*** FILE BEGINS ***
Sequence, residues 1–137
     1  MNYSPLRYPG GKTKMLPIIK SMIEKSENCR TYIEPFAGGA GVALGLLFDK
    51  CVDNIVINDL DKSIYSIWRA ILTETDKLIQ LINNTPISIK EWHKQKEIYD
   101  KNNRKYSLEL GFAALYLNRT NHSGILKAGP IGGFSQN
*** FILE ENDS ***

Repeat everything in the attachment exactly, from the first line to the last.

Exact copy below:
Sequence, residues 1–137
     1  MNYSPLRYPG GKTKMLPIIK SMIEKSENCR TYIEPFAGGA GVALGLLFDK
    51  CVDNIVINDL DKSIYSIWRA ILTETDKLIQ LINNTPISIK EWHKQKEIYD
   101  KNNRKYSLEL GFAALYLNRT NHSGILKAGP IGGFSQN